If they get past the Red Wings and are still undefeated on the month, they would line up against the Jets the next night. Against the Jets the Bruins would have to watch for the twin traps of a back to back, and playing down to the level of a bottom feeder. On the plus side the Jets will come in off a Friday game at the Hurricanes.

After that, it’s a month closing trip to Toronto. With Sunday, Monday and Tuesday off before visiting the Maple Leafs, the biggest barrier to an undefeated month at that point would be a sixty minute effort.

So what’s your call?
[poll id=”9″]

Through 18 games the once sensational Eric Staal is still trying to get the engine to turn over. He’s a league worst -17, and his 4-4-8 line has people scratching their heads all over the hockey world.

Goalies:

  • Jacob Markstrom is back in the AHL playing for an offensively disabled team, while Jose Theodore and Scott Clemmensen  but don’t be surprised to see him back in Sunrise if the Panthers get an offer they can’t refuse for one of the two senior goalies.
  • Jhonas Enroth has the reigns in Buffalo after an unfortunate collision between the nominal number one goalie and an opposing forward. With a stellar .942 sv% and impressive 1.76 gaa, you have to wonder how many games he’ll get this season. If he’s in the #1 role long enough and still playing near this level it becomes a tough call to turn the job back over to a starter who hasn’t performed as well.
  • Thomas Greiss is 3-3-o in starts for the Sharks this season. Like Markstrom, he’s behind not one but two older goalies on the depth chart, and like Enroth he’s outplaying his teammates. his .919 sv% and 2.15 GAA are notable improvements over Niemi’s .903 and 2.74.
  • Ben Scrivens is the latest goalie of the future in Toronto. He’s been better than Gustavasson, with a .904 and 2.92 through five starts and six appearances.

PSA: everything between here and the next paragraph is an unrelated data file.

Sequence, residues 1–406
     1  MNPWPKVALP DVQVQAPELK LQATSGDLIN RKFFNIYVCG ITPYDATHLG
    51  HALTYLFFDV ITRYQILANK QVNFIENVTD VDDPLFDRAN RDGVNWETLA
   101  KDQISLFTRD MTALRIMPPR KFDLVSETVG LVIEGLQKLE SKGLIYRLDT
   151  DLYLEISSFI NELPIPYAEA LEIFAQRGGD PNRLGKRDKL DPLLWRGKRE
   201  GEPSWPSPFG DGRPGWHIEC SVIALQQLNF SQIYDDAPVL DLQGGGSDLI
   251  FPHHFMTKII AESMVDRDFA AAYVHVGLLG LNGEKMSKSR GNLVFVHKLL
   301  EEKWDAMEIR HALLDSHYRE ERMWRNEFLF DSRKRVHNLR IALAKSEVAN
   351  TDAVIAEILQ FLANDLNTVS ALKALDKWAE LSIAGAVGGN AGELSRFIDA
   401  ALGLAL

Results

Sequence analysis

Defensemen

  • Marc-Andre Gragnani leads all rookie defensemen in points, and sits at a +5 on the Buffalo Sabres.
  • Up on his second recall to the LA Kings this season is Slava Voynov, he’s playing over twenty minutes a game, has three points in his first five games, averaging just over 3 minutes a game in PPTOI means he’s likely to see a good number of points.
  • Jared Cohen is on pace for 208 hits and could hit triple digit blocked shots for the Senators, if he can find a few goals along the way the towering 2009 first round pick will make a name for himself.
  • The New Jersey Devil’s Adam Larsson is very quietly having himself a nice freshmen season. While the team has struggled he’s played a solid game with over 23 minutes of ice time each night, he’s second in hits for rookie blueliners, and sixth in scoring.

Forwards

  • Craig Smith is tied for the rookie scoring lead, on a point per minute basis he’s doing quite a bit more than Nugent-Hopkins getting a minute and a half less ice time per game.  Smith is also tied for the Predators scoring lead.
  • Ryan Nugent-Hopkins has slowed a bit off the season opening scoring bonanza but has still produced enough to stay at the front of the pack. His plus/minus is two higher than Smiths, and he’s second on the Oilers to that other Ryan forward in scoring.
  • Luke Adam is right behind Nugent-Hopkins and Smith with just one less point. He’s the rookie leader in assists and playing two minutes less per game than Nugent-Hopkins.

Names to watch:

Roman Horak is getting some important minutes on the Calgary Flames, not a lot of them yet, but with both short handed and powerplay time on the clock it’s obvious he’s got the trust of the bench boss. Gabriel Landeskog leads rookie forwards in time on ice, and with 45 hits and 12 blocked shots its obvious he’s not loafing in the neutral zone. Sean Couturier and Matt Read are making solid contributions to a stacked Flyers team. Nate Prosser is eating a lot of minutes for the Wild. Jonathan Blum of the Nashville Predators is on pace for 212 blocked shots, and has shown a scoring touch at lower levels.  Adam Henrique is quickly making himself a household name among Devils fans.

It’s no secret that the Boston Bruins style of play and their rapid turnaround from a deplorably bottom feeder to Stanley Cup Champions have ruffled some feathers. Along the way they’ve made enemies in Montreal, Tampa Bay, Vancouver and nearly every other city they’ve played on a regular basis. The other thing they’ve done is earn a ton of admiration and respect. That could lead to a big, big problem; poaching.

Specially, with all the disappointing to purely disastrous starts, it could be open season on the Boston Bruins bench and off ice staff. The Anaheim Ducks are on shaky ground, the Carolina Hurricanes are floundering, and both the St Louis Blues and Montreal Canadiens have already made some remedial moves. When does the first owner or president take to the stage with a new broom and say “no more”.